The story comes to its turning point when the women find the following letter, explaining Mamie’s trigger to commit infanticide:

“…your wife is hopelessly insane. She may live for years, but will never regain her mentality, as cases like hers are incurable. We find upon investigation that the women of her family for several generations, have become hopelessly insane at her age. In view of the that your small daughter is tainted with this inherited insanity, we strongly advise you to take her to some new environment and when she grows older, explain to her why marriage should be considered impossible for her. As we can see the matter now, it is too bad that her mother was not warned of the same fact, and in view of all our information it would seem to have been better if we had not pulled her through that severe illness.” (159-160, emphasis mine)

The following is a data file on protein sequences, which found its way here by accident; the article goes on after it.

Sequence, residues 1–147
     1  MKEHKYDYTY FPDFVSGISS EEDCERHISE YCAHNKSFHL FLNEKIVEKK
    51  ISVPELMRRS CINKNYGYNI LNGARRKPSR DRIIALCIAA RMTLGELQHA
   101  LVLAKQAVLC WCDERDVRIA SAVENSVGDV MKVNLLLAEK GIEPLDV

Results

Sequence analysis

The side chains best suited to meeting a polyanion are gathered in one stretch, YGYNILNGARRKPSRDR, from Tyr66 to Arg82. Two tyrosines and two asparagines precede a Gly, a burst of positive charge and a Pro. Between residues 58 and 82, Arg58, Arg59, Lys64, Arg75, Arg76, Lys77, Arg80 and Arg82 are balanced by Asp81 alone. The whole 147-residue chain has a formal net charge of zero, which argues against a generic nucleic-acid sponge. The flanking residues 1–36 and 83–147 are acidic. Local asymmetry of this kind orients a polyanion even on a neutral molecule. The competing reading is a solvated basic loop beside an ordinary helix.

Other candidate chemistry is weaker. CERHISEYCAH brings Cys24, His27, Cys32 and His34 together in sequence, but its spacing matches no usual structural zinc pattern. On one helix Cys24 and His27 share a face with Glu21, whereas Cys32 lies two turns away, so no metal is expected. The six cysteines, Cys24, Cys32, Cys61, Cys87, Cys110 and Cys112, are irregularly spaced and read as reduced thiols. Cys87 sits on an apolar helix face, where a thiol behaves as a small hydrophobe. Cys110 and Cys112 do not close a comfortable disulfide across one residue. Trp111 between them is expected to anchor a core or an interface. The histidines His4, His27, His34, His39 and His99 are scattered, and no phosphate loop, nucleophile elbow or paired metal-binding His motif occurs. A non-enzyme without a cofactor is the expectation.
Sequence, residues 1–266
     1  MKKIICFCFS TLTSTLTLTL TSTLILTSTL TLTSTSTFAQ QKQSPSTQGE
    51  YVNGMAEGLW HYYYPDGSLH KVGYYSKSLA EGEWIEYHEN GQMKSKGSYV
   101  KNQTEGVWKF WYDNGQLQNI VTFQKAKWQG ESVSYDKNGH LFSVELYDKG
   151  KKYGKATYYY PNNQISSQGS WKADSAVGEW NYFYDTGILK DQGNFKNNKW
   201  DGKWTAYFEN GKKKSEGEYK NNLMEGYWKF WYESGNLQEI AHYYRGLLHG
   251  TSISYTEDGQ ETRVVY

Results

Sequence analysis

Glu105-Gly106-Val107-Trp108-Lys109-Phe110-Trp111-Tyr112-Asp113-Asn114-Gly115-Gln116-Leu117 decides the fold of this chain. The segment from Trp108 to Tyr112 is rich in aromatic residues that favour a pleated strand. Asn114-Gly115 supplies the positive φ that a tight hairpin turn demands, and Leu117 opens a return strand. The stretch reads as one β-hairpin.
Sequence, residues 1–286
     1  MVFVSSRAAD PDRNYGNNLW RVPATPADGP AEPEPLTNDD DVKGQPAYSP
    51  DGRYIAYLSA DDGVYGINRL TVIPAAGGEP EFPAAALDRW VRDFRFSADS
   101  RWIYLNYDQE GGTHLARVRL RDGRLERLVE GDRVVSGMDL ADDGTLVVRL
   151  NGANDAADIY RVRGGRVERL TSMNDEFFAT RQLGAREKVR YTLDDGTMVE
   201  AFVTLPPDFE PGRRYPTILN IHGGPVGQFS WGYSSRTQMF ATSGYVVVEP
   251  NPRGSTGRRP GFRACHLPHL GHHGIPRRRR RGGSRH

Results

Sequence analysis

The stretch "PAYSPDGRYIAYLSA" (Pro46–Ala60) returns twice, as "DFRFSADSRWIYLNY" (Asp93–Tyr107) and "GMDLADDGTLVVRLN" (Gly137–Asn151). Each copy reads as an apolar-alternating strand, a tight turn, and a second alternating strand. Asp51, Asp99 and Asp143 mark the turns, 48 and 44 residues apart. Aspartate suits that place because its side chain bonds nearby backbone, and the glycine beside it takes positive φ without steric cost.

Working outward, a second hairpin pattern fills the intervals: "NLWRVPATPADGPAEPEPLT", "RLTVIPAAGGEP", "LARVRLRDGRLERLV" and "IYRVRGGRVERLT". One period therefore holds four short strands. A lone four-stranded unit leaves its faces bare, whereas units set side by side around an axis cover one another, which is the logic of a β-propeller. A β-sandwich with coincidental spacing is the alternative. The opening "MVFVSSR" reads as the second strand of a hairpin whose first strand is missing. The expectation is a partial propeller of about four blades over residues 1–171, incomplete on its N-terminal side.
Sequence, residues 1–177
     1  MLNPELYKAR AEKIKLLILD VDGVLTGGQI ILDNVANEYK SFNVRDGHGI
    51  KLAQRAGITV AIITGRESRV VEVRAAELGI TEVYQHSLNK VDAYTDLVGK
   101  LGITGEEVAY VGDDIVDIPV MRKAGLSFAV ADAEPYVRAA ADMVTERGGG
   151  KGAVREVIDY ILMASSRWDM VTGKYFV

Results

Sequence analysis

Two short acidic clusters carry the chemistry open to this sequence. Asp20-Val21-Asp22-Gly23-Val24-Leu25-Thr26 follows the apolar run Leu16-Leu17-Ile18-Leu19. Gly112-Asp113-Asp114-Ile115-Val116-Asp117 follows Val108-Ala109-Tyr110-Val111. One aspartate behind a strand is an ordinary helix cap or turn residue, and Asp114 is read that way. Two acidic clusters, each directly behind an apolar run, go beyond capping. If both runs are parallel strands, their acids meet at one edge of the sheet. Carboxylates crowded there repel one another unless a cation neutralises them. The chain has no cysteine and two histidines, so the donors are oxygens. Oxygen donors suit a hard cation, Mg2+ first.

Upon finding the letter, the women speculate whether Mamie did what she did to protect her child from “spending the last of her years in a ‘sylum” (160), and that way, regaining some agency which has been taken from her. Friedman and Resnick in their overview of the research literature of maternal filicide identify five distinctive motives, one of which might be relevant to the case described in “The House of Death”: “in an altruistic filicide, a mother kills her child out of love; she believes death to be in the child’s best interest.” (Web) In the end of the short story, perhaps partly due to the women’s assumed responsibility and partly their belief that Mamie killed her child to save her from the same fate, they decide to burn the letter and, consequently, free Mamie from the charges and hanging itself.